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Smoking - a ‘‘Killing Me Softly’’ Habit

The number of cigarettes smoked per day correlates with pro-inflammatory changes of glycans.


Ana Cvetko

As you may already know, moderate exercise, a healthy diet and enough rest periods influence our glycans and benefit our bodies on a molecular level. There is yet another big thing when it comes to our health — smoking.

In the last few years, anti-smoking propaganda has been stronger than ever. Commercials, billboards, even cigarette packages contain anti-smoking messages in the form of all the downsides that smoking brings. It is a great way of getting people to realise that smoking does nothing but bad things to our bodies. How does smoking influence glycans and how does this bad habit reflect on your biological age?

Multiple studies have explored how smoking influences glycan changes. Knežević et al discovered that the number of cigarettes smoked per day correlates with proinflammatory changes of glycans. An individual's glycan profile will change for the worse the more cigarettes consumed per day. It's also important to mention that smoking heavily influences the health of passive smokers — people that are involuntary inhaling smoke from other people's cigarettes. Newest paper from Pavić et al discovered that active smokers have the same profile of changes as people with inflammatory diseases (an increase of high branched structures, a decrease of low branched structures, a decrease of core fucose); they've also noticed these serious changes in ex-smokers but of a lesser magnitude. All of the above-mentioned glycan changes fit well with the theory of so-called smoking-related inflammation. But it is important to mention that discovered changes could also be a result of a decreased concentration of immunoglobulin G in smokers, which is one of the reasons why the immune response of tobacco users may be suppressed. Vasseur et al and Arnold et al wanted to see how glycans change in smokers that unfortunately developed lung cancer. They also noticed the same profile of changes and once again strengthened the negative relationship between smoking, inflammation and immune response suppression.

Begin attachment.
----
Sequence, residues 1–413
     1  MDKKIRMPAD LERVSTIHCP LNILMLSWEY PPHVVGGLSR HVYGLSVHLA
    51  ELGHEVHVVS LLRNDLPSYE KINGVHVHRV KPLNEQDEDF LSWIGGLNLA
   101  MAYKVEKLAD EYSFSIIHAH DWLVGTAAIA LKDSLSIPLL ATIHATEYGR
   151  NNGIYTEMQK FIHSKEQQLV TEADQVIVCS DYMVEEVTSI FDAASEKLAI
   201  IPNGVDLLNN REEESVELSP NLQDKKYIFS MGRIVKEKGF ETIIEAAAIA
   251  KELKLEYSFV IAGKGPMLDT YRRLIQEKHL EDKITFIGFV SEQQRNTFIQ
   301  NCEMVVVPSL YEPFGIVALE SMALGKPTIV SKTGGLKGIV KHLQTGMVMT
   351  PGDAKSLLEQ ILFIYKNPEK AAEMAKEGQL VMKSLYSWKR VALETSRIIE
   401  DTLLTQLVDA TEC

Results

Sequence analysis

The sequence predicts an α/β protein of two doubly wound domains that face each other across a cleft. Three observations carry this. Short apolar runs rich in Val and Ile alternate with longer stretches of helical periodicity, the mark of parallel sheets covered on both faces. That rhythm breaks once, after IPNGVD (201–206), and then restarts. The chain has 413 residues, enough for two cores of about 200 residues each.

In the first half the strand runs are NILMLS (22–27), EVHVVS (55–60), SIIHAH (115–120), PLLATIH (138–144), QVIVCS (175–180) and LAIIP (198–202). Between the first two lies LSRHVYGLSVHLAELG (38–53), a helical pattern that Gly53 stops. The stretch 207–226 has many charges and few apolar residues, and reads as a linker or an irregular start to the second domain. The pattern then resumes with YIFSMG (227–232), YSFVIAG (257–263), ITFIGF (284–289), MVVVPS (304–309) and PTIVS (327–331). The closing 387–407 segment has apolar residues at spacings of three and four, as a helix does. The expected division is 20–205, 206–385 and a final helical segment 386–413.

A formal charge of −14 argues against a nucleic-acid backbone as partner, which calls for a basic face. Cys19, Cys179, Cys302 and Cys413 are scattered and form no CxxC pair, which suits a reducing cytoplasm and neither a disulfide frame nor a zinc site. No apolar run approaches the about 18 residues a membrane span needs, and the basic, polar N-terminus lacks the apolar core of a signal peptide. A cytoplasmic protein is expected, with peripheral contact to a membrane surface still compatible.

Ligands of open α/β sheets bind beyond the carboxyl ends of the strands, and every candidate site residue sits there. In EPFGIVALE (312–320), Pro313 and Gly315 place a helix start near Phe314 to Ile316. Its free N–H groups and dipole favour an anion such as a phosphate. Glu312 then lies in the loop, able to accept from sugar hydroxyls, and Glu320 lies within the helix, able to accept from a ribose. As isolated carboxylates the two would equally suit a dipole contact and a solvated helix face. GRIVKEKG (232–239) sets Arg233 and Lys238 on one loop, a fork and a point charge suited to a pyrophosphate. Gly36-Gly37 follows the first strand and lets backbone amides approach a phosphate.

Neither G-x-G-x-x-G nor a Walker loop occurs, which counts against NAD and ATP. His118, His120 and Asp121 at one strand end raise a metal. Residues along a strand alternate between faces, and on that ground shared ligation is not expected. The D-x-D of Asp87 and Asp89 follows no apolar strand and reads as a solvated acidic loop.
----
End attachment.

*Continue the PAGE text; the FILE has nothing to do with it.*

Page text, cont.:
Proinflammatory changes in glycan profile increase our biological age and we can conclude the same with smoking. Smoking is slowly poisoning you and everyone around you meanwhile making you look older from the outside and inside. Bad effects of smoking can not only be seen on our teeth, nails, skin, hair and our overall physiological state but can also be measured using our GlycanAge test. GlycanAge test measures your glycans to tell your biological age which is a likeness of your lifestyle choices. This means you can feel good and look good while your body is deteriorating from within. Biological age measured by our GlycanAge test will be a real wake-up call for cigarette users.


Ana Cvetko

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